When I try to picture the emotional conversation between Naomi and Ruth, her daughter-in-law, I ask myself what Ruth's source of inspiration was. What brought her to make the incredible statement: "Your nation is my nation and your G-d is my G-d"? (Ruth 1:16).
Perhaps Ruth the Moabitess had something that we should aspire to learn from her and embrace. Her heart elevated her and raised her to the extent that it was overflowing with love, through her mother-in-law, for G-d and the Jewish nation; "and Ruth clung to her [Naomi]" (Ruth 1:14).
Hakham Sasson Mordekhai Moshe, 'a"h, from Baghdad, writes in Dabar Be'Itto that the love that people have for each other is usually identical -- we receive what we give. However, the case of G-d's love towards us is different. His love towards us supersedes our love towards Him. He desires our closeness, love and devotion, more than we do.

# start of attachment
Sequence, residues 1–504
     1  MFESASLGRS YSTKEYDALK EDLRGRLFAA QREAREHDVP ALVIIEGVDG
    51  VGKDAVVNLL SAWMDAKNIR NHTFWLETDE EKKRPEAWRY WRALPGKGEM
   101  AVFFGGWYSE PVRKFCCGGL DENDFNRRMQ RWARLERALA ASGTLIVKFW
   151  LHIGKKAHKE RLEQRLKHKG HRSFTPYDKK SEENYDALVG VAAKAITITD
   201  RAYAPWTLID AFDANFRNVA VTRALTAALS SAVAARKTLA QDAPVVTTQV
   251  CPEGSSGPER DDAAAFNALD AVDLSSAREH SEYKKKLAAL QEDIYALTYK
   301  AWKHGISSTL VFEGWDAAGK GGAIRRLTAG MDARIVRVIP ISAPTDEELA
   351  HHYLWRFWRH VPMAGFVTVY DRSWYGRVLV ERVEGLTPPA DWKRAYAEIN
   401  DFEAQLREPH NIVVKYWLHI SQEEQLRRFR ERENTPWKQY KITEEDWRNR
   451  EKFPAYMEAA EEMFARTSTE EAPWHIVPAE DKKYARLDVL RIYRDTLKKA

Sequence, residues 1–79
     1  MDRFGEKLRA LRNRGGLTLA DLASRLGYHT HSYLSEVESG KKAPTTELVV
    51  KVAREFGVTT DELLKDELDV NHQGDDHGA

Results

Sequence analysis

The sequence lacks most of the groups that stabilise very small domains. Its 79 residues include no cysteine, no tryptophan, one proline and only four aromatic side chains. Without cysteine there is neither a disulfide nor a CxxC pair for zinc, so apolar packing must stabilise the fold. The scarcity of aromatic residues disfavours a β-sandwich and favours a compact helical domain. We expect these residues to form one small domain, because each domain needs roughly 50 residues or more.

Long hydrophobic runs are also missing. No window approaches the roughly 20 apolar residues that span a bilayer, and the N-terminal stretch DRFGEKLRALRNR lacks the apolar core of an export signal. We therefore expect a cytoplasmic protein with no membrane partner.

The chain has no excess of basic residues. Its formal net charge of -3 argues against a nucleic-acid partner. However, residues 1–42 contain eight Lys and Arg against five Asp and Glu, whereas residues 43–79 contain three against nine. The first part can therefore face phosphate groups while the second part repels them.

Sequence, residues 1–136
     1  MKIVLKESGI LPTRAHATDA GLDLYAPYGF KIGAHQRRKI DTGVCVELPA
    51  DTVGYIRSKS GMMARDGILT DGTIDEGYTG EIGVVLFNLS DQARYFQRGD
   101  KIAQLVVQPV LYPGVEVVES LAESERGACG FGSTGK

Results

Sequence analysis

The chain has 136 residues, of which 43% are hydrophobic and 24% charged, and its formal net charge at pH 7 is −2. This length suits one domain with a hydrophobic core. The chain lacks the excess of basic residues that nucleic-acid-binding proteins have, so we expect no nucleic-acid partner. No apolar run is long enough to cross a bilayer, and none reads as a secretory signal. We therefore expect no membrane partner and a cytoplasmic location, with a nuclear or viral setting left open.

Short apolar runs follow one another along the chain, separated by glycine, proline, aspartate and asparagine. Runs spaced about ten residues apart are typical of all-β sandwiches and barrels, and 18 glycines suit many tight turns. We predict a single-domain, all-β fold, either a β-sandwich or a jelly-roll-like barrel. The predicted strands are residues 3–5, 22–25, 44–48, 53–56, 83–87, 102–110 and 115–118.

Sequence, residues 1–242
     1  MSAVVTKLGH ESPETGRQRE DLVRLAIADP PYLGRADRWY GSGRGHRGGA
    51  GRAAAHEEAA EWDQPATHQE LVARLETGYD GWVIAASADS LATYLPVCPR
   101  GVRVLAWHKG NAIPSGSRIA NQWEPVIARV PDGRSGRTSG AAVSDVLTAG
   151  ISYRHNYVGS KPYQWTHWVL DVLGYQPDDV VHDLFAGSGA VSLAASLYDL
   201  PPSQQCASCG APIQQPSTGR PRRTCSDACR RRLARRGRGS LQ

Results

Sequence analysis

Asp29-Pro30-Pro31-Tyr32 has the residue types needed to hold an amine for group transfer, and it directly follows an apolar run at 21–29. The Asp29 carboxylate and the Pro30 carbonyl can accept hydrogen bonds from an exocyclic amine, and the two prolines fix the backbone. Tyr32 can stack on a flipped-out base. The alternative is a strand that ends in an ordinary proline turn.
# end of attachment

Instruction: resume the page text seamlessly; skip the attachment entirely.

The days leading up to Shabu'oth are known for inherently assisting us in lifting us to high levels of Qedusha (holiness), attachment to G-d, and enlarging the love our hearts hold for the Shekhinah (G-d's holy presence) above. Once the love is there, everything is there. Every single Miswah (מצוה - commandment), act, Tefillah (prayer), or words that we utter, will be different, and will contain profound meaning and excitement.
I pray that we will grab this opportunity and relive the revelation of Mattan Torah.
Matan Torah, women's Torah, hag hashavuot, shabu'oth, shvuos, hacham sasson mordechai moshe, mitzvah